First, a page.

All in all, this is a good lesson why a trust should always be deliberately established with a deed rather than simply implied.
    I am an Independent Financial Adviser
    Anything I say on the forum is for discussion purposes only and should not be construed as personal financial advice. It is vitally important to do your own research before acting on information gathered from any users on this forum.
  • Sorry for the delay in replying - and thanks for your responses (PC problems!)

    Financial Adviser was adamant that his advise to exclude from IHT figures was correct. But also wanted £150.00 hour for any further advice, I am in the wrong job obviously.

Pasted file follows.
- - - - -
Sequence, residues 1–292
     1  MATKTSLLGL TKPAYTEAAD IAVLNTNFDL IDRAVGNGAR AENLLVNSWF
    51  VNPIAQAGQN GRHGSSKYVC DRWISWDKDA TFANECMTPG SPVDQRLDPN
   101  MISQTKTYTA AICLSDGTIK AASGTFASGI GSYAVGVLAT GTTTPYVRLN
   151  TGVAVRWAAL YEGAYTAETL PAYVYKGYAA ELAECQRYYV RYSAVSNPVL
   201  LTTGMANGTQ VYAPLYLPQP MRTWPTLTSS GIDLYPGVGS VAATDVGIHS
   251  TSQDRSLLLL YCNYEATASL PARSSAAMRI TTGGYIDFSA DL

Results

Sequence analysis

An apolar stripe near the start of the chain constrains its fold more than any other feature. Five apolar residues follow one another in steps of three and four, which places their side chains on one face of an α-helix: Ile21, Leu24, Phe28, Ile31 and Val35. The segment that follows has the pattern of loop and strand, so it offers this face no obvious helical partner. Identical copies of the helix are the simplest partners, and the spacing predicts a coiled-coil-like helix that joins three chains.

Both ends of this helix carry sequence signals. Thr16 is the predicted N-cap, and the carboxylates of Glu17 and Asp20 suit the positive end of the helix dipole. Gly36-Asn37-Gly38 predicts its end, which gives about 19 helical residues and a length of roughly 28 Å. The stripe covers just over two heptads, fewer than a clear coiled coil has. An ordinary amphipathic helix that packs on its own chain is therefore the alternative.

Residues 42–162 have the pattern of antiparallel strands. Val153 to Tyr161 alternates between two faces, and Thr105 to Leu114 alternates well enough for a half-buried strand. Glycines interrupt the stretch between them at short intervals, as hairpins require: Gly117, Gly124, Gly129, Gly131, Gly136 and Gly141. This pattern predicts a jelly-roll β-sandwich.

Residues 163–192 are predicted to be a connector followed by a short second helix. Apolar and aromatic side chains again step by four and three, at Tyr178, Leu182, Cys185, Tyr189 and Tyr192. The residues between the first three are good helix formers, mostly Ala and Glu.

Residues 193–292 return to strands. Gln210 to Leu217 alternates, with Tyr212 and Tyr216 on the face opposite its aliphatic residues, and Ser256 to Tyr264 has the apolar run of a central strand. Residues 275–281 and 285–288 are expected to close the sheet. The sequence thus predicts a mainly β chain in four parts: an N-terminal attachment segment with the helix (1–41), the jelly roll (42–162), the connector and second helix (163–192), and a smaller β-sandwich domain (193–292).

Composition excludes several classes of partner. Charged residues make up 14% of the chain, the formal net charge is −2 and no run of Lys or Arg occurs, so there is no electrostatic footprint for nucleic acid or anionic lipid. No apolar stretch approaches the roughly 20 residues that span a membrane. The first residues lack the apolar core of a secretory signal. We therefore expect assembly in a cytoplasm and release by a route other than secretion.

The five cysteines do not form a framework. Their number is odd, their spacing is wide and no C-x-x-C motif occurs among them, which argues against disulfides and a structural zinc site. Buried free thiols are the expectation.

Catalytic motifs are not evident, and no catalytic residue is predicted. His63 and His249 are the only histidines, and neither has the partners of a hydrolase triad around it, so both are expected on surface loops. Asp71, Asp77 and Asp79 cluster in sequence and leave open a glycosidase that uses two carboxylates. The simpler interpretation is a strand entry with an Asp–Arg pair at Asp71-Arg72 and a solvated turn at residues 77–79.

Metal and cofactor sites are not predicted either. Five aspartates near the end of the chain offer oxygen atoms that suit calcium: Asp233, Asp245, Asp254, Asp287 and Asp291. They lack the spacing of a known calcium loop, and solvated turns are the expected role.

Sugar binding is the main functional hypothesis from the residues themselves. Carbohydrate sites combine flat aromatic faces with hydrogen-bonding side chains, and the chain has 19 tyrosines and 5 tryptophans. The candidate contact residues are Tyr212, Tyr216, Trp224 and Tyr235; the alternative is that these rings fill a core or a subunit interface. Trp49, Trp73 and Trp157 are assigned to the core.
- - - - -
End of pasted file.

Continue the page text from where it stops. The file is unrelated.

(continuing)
So, we called the tax office.
    Explained,
    Letter declaring gift to change hands on death.
    Shares in Mr A's name.
    Beneficiaries had no control over what happened to investment (presumably there was nothing to stop Mr A cashing it in)
    Dividends were automatically re-invested but the Mr A took responsibility for declaring them on his tax returns.
    Funds could not be released to beneficiaries without probate being provided.

    And the Taxman said.....Its a gift, more than 7 years old. Not to be included on IHT form. Pay Capital gains, the starting point to be the amount initially invested, the end point to be the cash that was eventually received.

    It makes no sense to me

    So, hmm methinks. If I have some spare cash to invest, I can invest it and write a letter to say its to go to my kids on death and treat it like its mine in the meantime. (I now know that Mr A did not tell his children, they just found the letter in his things when clearing up, I guess they would have got the money one way or another.) So, if I change my mind and need the money in the meantime I just scrap my letter.